An Army Ranger wounded in Afghanistan has the Internet buzzing with a photo that web viewers have dubbed "the salute seen around the world."
STORY: Former Army officer gets Medal of Honor
Josh Hargis, whose special operations unit is based at Fort Benning, Ga., was wounded Oct. 6 when an Afghan woman detonated a suicide bomb vest in Panjwai in Kandahar Province and triggered a series of other explosive devices. The blast killed four members of Hargis' 3rd Army Ranger Battalion and wounded 12 other American soldiers.
Hargis, a 2008 graduate of Cincinnati's Gilbert Dater High School, went to a nearby military hospital. His numerous wounds called for him to hooked up to a breathing tube and other medical plumbing.
His right hand was heavily bandaged. That hand, his saluting hand, rested under red, white and blue blankets when his commanding officer came into his room to present Hargis with a Purple Heart.
"Josh was seriously wounded, as you know, and survived for almost two hours after his injury before arriving to the hospital," Hargis' commander wrote Saturday to his wife, Taylor Hargis, who was in Columbus, Ga. Taylor Hargis went to Cyprus Lake High School in Fort Myers, Fla., and the couple married in June 2011.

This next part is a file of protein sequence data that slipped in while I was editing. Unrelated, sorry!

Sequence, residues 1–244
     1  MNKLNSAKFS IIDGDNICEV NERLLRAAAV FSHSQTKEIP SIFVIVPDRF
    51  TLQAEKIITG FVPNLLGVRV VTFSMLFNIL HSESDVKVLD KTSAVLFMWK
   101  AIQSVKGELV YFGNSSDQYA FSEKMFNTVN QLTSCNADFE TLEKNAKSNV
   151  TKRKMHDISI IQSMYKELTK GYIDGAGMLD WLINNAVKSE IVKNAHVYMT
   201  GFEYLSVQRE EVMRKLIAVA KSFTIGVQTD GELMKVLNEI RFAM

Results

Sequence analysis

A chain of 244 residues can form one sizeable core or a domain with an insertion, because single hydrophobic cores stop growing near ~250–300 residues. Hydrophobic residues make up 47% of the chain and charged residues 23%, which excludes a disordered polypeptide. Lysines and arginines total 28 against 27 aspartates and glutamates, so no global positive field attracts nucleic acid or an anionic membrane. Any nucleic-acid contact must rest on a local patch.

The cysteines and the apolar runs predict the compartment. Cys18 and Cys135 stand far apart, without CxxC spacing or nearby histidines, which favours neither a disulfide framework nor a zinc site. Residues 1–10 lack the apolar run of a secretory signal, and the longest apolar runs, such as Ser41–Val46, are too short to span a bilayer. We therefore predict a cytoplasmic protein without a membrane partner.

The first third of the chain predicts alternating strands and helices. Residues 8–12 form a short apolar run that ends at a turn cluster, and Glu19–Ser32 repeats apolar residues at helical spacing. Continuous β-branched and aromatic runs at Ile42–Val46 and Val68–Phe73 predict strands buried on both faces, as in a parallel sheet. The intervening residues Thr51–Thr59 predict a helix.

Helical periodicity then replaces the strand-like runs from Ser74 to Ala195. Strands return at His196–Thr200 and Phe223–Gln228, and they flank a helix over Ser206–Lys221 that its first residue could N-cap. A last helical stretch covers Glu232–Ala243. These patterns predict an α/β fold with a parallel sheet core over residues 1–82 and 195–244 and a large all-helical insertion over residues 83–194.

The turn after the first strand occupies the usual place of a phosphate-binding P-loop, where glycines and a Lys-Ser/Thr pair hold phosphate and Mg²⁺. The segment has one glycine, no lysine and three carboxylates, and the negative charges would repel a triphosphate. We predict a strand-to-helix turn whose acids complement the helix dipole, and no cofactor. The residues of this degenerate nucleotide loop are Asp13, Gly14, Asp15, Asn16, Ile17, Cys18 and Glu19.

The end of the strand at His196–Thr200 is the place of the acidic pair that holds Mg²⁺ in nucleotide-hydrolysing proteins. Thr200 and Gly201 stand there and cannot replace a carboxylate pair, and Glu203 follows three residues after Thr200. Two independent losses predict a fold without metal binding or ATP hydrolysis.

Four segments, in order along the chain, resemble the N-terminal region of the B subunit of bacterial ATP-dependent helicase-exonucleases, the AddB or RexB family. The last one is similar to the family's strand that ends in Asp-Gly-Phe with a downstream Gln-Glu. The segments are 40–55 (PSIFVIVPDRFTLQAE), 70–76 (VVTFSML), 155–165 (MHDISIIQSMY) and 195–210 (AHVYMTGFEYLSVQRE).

Everyone in the room at the Afghan military hospital, more than 50 people, assumed the wounded soldier was unconscious, according to Taylor Hargis' Facebook post.
Yet, as the Purple Heart presentation began, Josh Hargis struggled to move his right hand and lift it into a saluting position. Military protocol calls for a soldier to salute when he receives the Purple Heart.
"Despite his wounds, wrappings, tubes and pain, Josh fought the doctor who was trying to restrain his right arm," according to the message Josh Hargis' commanding officer wrote to Taylor Hargis. He then "rendered the most beautiful salute any person in that room had ever seen."
The Army Ranger is being moved to a military hospital in Germany and eventually will be hospitalized in the United States.
"I cannot impart on you the level of emotion that poured through the intensive care unit that day," the commander wrote. "Grown men began to weep, and we were speechless at a gesture that speak volumes about Josh's courage and character."